When we blend public-surveillance with targeted-surveillance, then the deep-dark secrets become less concerning than the deeper-darker secrecy surrounding the the necessary gagging and self-serving psychology of employees within NSA, FBI, other US government departments (and their “partners” like USIS) etc etc etc.

Pragmatic says:

Re: Re:

Thank you, Geno0wl. This is why I often get into arguments with them. In the purest, biggest-L sense, they are basically anti-communist. Since they are doing the polar opposite of communism without actually thinking it through, they make the same intellectual failures as any ideologue makes, which is to assume that everyone on their team, if they stick to “the plan,” can’t go wrong.

This means that evidence of ideological purity is conflated with moral purity followed by frantic denial and squeals of indignation when human nature makes itself clear, i.e. if a situation can be abused, it will be.

For this reason I am skeptical that any one ideology can, by itself, when “properly” put into practice, save us. Life just doesn’t work that way.

Anonymous Coward says:

The US Gov is all about letting corporations “maximize profits” off it’s citizens, but the second it happens to them, suddenly it’s a “bad” thing.

I find it ironic that the USIS executives, had all the contents of their emails recorded. Didn’t the US Gov said they only look at “metadata”, not the “contents” of communications?

More lies!

Internet Zen Master (profile) says:

Regardless of what you think of Snowden

It can’t be denied that his decision to blow the whistle on the NSA uncovered more and more corruption, feels like a rather pleasant side effect for something that’s “jeopardized national security”.

At the very least, now the NSA will (hopefully) be getting new employees that deserve their security clearances in the future (Granted, from a government standpoint, they should just drop all contracting work from the intelligence community altogether and keep everything in-house, but that’s not likely to happen any time soon).

Of course, this assumes the DOJ is actually going to go after the US IS and it’s execs, and not let them slip away unharmed like they’ve done so far with the scumbags over in Wall Street.

As the Zen Master says, “We’ll see.”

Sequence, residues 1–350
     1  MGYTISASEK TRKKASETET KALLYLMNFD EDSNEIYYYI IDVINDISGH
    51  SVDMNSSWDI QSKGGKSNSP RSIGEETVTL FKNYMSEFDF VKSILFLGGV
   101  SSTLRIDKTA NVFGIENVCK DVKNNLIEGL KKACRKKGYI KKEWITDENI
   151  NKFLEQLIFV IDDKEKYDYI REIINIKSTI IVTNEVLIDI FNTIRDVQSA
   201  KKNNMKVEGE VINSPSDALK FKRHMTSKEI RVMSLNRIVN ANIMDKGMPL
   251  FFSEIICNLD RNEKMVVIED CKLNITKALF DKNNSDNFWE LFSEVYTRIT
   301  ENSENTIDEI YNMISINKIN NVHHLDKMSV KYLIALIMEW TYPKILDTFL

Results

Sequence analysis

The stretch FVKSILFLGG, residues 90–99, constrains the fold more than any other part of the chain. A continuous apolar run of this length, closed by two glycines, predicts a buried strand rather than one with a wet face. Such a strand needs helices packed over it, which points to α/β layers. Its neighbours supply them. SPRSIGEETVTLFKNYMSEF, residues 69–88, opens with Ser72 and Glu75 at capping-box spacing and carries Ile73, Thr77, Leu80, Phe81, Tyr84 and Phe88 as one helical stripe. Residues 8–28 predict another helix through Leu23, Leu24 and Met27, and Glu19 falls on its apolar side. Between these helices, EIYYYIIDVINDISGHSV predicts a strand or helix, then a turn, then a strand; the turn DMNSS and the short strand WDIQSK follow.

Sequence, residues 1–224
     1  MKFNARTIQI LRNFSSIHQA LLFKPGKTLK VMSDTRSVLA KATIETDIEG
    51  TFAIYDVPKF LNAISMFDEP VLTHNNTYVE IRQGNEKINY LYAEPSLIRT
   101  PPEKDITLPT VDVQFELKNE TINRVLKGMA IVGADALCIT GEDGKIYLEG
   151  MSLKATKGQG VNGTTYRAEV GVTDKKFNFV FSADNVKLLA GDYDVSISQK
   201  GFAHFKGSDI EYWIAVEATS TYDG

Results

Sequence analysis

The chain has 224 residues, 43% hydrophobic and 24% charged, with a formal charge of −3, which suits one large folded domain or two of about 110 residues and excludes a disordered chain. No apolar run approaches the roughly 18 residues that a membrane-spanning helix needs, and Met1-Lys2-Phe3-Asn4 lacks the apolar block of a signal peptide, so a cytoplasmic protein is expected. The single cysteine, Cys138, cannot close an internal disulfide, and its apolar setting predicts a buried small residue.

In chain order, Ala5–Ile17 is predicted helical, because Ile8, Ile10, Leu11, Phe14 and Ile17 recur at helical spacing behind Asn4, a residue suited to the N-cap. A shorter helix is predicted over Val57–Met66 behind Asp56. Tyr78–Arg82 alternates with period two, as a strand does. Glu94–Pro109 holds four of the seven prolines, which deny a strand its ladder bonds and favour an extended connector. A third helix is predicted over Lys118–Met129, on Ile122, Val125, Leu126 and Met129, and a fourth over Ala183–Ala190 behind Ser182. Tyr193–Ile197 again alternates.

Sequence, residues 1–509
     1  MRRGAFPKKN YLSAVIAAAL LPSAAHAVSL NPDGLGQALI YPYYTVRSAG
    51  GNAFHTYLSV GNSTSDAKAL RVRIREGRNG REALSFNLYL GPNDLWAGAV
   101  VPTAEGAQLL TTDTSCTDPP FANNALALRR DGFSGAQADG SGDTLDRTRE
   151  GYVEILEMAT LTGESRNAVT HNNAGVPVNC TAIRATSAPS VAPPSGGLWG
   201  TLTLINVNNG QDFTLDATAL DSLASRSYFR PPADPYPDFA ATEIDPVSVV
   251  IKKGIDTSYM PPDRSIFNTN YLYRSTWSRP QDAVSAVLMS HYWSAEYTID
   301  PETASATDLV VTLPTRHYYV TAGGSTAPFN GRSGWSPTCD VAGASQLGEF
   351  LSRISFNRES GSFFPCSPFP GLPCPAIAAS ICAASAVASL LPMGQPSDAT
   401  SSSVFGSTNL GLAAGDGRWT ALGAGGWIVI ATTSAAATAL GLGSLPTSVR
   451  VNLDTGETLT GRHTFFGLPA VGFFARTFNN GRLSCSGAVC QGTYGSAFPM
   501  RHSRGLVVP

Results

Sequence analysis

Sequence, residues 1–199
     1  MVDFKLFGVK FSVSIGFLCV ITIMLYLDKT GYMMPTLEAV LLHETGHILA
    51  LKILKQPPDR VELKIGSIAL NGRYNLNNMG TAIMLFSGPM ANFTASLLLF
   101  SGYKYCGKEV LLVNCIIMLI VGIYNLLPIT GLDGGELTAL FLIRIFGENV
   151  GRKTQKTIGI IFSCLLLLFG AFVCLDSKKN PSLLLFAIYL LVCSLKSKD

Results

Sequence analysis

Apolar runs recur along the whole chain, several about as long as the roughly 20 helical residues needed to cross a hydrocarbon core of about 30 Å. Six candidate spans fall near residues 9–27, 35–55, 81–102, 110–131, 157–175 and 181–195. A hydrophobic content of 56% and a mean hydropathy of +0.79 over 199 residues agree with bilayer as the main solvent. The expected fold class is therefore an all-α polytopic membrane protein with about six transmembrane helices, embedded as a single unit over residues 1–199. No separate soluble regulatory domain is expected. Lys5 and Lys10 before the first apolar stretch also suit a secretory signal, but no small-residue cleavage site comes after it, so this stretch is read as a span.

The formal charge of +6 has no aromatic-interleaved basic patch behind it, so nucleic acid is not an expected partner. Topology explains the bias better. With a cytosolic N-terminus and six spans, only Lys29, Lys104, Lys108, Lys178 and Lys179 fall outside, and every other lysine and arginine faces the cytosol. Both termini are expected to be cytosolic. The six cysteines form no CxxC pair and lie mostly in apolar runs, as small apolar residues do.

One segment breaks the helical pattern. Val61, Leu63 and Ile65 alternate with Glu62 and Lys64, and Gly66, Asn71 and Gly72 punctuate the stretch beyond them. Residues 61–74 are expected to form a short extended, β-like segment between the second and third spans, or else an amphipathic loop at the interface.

Michael (profile) says:

The DOJ is now accusing USIS of faking background checks on 665,000 federal employees.

I don’t really want to defend a company that has been lying to the DOJ about a program they were running that was illegal, unscrupulously hidden from them, and not in the best interest of the people of the United States, but didn’t the DOJ sort-of say that this kind of behavior was ok when they did the same thing to Congress?

Pot -> Kettle…

Trevor (profile) says:

Hehe

Does anyone else see the irony here?

The government hires USIS to perform background checks on its employees. The USIS sends emails about not doing it’s job, and it’s only AFTER the Snowden leaks that the NSA finds out.

now the DOJ miraculously has emails incriminating the USIS. Interesting.

It’s not that they didn’t have enough information, it’s that they didn’t connect the dots. Again. (the NSA presumably had all of USIS’s emails the whole time!)

Dang, Snowden is helping more people than he could have ever realized, INCLUDING the NSA!

Anonymous Coward says:

Re: Hehe

I was thinking something along those same lines. How exactly did they get the “internal USIS documents”? Did they simply ask them for them or did they just have someone steal them? So taking internal documents that show impropriety from an entity and then releasing them to expose that impropriety is okay when the entity is someone else but when someone takes their documents to prove their impropriety, then they get pissed and want him murdered for it. Pot & Kettle.

ltlw0lf (profile) says:

Re: Re: Hehe

I was thinking something along those same lines. How exactly did they get the “internal USIS documents”?

I suspect, based on my very limited experience here, the DoJ discovered a bunch of questionable background investigations and decided to subpoena the company for any internal documents relating to the process of performing background checks. The company, instead of pulling a Enron (shredding the documents,) decided it was in their best interest to come clean and cooperate (especially, since, they say that all of the employees involved have been fired or no longer work for the company.) It is entirely possible that someone within the company blew the whistle, but not necessarily so (the article doesn’t say whether the whistle was blown or whether it was a result of a subpoena.)

So taking internal documents that show impropriety from an entity and then releasing them to expose that impropriety is okay when the entity is someone else but when someone takes their documents to prove their impropriety, then they get pissed and want him murdered for it.

I see where you are coming from, but at least in this place it can be that they didn’t actually release them, but they were attached to a subpoena which is public records as part of a court case. The civil lawsuit was already filed against the USIS by the DoJ in Alabama, and except in certain cases, most lawsuits and their associated documentation are available to the public.

ltlw0lf (profile) says:

Re: Re: Re: Hehe

the article doesn’t say whether the whistle was blown or whether it was a result of a subpoena.

Oops…missed that part. From the article: